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Supporting the 5 Language Skills in MFL

Developing Students'

Communicative Competence


The five language skills for MFL at Junior Cycle

Strategies to support access and challenge in the development of communicative competence.


Spoken Interaction

Spoken Production




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What does the Specification Say?

‘Junior cycle is inclusive of all students and contributes to equality of opportunity, participation and outcome for all.'

(MFL Specification, p. 3)

'In learning foreign languages, students are actively engaged in activities and tasks which integrate the five language skills of listening, reading, spoken production, spoken interaction and writing. As a result, they communicate with increasing independence, confidence and creativity. As learning is a social activity as well as a personal one and as communication is central to language, learning languages offers students ample opportunities to work with others to develop their language skills and achieve appropriate goals.'
(MFL Specification, p. 4)

Click for strategies that support the development of all five language skills

Developing Skills in MFL

Pre-Learning Activities

Anticipation Exercises

Scaffold Exercises
Extension Exercises
Carefully planned teacher questions

During-Learning Activities

Cloze Tests

Create Summaries
Tick the boxes
Write down what you see, hear or experience

Post- Learning Activities

Compose Questions

Scaffold Exercises

Other strategies to support students to advance their listening skills:

  1. Listening Frames- can include various learning activities for developing the listening skill. For example, after listening to a segment, students in pairs are asked to predict what they think will happen next, to make connections with prior learning or to retell the action in their own words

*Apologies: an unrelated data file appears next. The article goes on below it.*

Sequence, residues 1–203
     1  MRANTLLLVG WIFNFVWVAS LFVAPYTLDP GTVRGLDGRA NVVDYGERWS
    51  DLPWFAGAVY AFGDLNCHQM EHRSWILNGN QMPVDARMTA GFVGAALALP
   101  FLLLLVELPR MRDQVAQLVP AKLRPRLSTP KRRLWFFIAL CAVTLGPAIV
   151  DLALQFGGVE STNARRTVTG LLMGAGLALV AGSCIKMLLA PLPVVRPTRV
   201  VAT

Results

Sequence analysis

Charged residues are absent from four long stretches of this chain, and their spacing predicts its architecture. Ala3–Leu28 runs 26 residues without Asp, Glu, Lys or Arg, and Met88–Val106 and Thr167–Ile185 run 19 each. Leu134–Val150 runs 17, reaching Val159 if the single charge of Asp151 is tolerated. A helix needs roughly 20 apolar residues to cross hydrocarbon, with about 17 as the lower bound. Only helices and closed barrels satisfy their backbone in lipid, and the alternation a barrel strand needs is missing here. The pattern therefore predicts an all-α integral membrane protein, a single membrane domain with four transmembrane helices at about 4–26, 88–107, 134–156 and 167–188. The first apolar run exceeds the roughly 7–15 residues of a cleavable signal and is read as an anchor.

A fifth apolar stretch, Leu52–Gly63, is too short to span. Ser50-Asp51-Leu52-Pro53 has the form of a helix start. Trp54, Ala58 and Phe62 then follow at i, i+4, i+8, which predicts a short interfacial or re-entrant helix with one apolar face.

2. An audio-visual stimulus - an audio visual clip could be played with a transcript. This helps students to associate the written with the spoken word, identify new vocabulary and support pronunciation. Students have autonomy to choose materials that interest them which they can play and replay on their own devices outside of class time
  3. Targeted use of subtitles - first viewing with subtitles in the Target Language (TL) and then viewing without
  4. Audio Pacing - allows students to slow the pace of what they are listening to. This increases access to the audio material
  5. Carefully designing questions- students can both access a piece and be challenged by it. This will enhance students' learning experience while developing their listening skills.

The Skill of Listening- supporting students in MFL

Strategies to support students to advance their reading skills:

  1. Anticipation exercise - discussing a stimulus such as photograph, image or comic to activate curiosity and make connections
  2. Scanning for meaning - reading headings, sub-headings only, seeking words similar to English to activate prior learning and predict themes
  3. Strategies to retrieve information -matching pictures to the text, matching phrases to definitions, match the beginning and end of sentences
  4. Organising information for meaning - sequencing, prioritising, filling in the gaps, true or false activites
  5. Adapted reading -students read different versions of the text and feed what they have read into a jigsaw activity
  6. Chunking - this technique breaks larger pieces of reading down into smaller more manageable bite sized pieces. For more information refer to additional sheet
  7. Shared reading - this can be done in pairs where each takes a turn. For more information refer to additional sheet

The Skill of Reading- supporting students in MFL